Seniors: Here’s How to Save Money, Make Money and Enjoy Life

Traditional wisdom says you should pack as much money away as possible to cover yourself on a rainy day. But if you’re constantly second-guessing your every splurge, you aren’t leaving yourself a lot of room to enjoy the fruits of your lifelong labors. Here are a few tips that can help you get the most out of your budget and live life to the fullest.

Shop around

Even if you’ve already signed up for Medicare, you can make changes during the annual open enrollment period. explains that licensed agents are available to discuss plan changes between October 15 and December 7. While you may pay more per month, adding benefits to your plan can save a significant chunk of money each year. You can also shop around for home and auto insurance and optional services, such as cable television and Internet. If you’ve been with your cable provider for more than one year, they will usually allow you to take advantage of special customer retention discounts, but you have to ask. This can be anywhere from $10 to $50 per month or more; you’ll still get the same services, you’ll just pay less.

Leave the car keys behind

If you find yourself behind the wheel of your vehicle less than once per week, you may be able to get rid of your car altogether. AAA reports that annual operating costs can range from $6,777 to more than $10,000. Rideshare services including Uber can get you back and forth a few times each month for much less, especially if you can make your trips during off-peak hours. You may also be able to take advantage of community-sponsored rides when you need to visit the doctor or grocery store.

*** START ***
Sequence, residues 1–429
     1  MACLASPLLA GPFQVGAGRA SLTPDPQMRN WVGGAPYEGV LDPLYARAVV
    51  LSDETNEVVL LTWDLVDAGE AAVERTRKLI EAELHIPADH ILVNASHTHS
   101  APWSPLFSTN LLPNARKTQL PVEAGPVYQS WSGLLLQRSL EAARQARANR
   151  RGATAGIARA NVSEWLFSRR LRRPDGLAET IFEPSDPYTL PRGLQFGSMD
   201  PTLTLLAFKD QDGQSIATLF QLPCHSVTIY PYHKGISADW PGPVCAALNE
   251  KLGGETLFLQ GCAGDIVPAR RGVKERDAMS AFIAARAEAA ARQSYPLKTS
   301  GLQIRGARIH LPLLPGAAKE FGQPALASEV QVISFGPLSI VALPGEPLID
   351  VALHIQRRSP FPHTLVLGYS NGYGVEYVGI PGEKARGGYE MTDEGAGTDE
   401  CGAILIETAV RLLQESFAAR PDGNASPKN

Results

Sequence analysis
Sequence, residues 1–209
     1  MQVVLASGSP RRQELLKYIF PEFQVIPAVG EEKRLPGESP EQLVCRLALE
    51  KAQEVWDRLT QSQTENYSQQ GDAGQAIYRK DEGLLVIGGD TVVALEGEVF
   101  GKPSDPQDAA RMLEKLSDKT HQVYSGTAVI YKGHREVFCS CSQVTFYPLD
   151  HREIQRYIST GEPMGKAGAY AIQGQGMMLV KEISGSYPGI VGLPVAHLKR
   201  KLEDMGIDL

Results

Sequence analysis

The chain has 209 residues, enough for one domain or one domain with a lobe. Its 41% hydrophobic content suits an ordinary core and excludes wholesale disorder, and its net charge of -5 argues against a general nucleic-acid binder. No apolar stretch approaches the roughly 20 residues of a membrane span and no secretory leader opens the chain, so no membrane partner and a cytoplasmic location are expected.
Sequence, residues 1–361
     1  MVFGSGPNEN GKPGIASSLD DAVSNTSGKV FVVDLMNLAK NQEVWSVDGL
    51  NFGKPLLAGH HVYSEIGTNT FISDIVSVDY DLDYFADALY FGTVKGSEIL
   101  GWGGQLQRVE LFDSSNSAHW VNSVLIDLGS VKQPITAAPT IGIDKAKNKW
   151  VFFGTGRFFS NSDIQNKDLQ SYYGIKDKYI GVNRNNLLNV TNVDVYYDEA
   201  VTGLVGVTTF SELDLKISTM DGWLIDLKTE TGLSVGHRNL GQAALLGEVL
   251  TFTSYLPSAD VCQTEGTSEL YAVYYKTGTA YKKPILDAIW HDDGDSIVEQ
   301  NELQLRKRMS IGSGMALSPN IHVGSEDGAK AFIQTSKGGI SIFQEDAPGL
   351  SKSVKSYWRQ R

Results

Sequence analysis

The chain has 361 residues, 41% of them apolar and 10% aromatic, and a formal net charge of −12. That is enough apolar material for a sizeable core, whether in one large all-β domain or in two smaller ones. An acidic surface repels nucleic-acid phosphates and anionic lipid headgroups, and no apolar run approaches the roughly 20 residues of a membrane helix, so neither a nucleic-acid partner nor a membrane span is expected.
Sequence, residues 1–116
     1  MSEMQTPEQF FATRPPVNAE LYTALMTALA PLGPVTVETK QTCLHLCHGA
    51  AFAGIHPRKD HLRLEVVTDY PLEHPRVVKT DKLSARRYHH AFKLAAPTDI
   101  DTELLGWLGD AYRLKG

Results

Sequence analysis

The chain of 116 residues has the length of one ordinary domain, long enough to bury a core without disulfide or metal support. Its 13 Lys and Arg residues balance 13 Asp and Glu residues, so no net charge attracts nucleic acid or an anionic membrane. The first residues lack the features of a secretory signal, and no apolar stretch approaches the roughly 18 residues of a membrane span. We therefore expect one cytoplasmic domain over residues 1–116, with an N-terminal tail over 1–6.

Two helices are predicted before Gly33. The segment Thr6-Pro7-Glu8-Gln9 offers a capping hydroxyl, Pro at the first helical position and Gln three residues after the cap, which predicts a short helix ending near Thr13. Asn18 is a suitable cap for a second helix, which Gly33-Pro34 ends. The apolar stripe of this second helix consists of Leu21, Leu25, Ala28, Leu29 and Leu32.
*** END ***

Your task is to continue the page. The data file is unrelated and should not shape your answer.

Socialize on a dime

Your mental well-being is linked to the amount socialization you receive. Due to waning finances, poor health and a dwindling social network, seniors are at a higher risk of isolation and depression when compared to any other age demographic. You don’t have to let money get in your way of enjoying a good time with your friends and neighbors, however. There are plenty of ways to host a party on budget and how to set a gorgeous hors d’oeuvres table for just $20.

Get out of the house – or out of the country

There’s little doubt that traveling can be expensive. But as a senior, you have an advantage and can pack up and go whenever you like. Not only do you have an opportunity to exploit lower costs for off-season excursions, you may also be eligible for entrance into all U.S. National Parks for just $10 thanks to the Senior Pass, which the U.S. Fish and Wildlife Service explains in more detail here. If you’re looking to get a little further away from home, there are numerous volunteer organizations that offer free room and board – and sometimes transportation – in exchange for services, such as teaching English in impoverished countries or lending a hand in a community garden.

Create a passive income to fund your endeavors

When you don’t have a regular paycheck and your savings are earmarked for living expenses, there are still ways in which you can receive an income. A part-time job is one option but one that will take up time on a regular basis. Consider establishing a passive income by writing a book and self-publishing on Amazon or Nook. If you have experience in a specific profession, for example, you can offer your expertise to up and comers in the industry. An interesting life story or a unique perspective coupled with a bit of clever online marketing can help you and take in a few hundred dollars or more each month.

The moral of the story? You don’t have to be financially wealthy to have a rich life.

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Jim is a retired banker with almost 30 years of experience. He created MoneywithJim to share his advice and other resources on a variety of financial topics.

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